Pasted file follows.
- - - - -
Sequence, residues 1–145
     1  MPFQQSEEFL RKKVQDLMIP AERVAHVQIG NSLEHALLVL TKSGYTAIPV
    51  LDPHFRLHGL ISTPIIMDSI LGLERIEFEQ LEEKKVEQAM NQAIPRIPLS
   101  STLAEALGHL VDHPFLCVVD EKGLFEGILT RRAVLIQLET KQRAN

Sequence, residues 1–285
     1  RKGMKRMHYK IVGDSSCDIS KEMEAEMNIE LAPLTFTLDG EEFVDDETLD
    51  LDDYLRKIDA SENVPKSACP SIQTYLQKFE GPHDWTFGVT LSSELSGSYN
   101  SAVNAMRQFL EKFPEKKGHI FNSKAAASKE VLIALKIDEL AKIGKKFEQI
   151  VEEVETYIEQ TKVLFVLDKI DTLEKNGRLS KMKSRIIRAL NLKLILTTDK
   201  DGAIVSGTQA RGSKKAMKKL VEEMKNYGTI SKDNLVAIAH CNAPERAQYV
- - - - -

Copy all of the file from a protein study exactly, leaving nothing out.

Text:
Sequence, residues 1–145
     1  MPFQQSEEFL RKKVQDLMIP AERVAHVQIG NSLEHALLVL TKSGYTAIPV
    51  LDPHFRLHGL ISTPIIMDSI LGLERIEFEQ LEEKKVEQAM NQAIPRIPLS
   101  STLAEALGHL VDHPFLCVVD EKGLFEGILT RRAVLIQLET KQRAN

Sequence, residues 1–285
     1  RKGMKRMHYK IVGDSSCDIS KEMEAEMNIE LAPLTFTLDG EEFVDDETLD
    51  LDDYLRKIDA SENVPKSACP SIQTYLQKFE GPHDWTFGVT LSSELSGSYN
   101  SAVNAMRQFL EKFPEKKGHI FNSKAAASKE VLIALKIDEL AKIGKKFEQI
   151  VEEVETYIEQ TKVLFVLDKI DTLEKNGRLS KMKSRIIRAL NLKLILTTDK
   201  DGAIVSGTQA RGSKKAMKKL VEEMKNYGTI SKDNLVAIAH CNAPERAQYV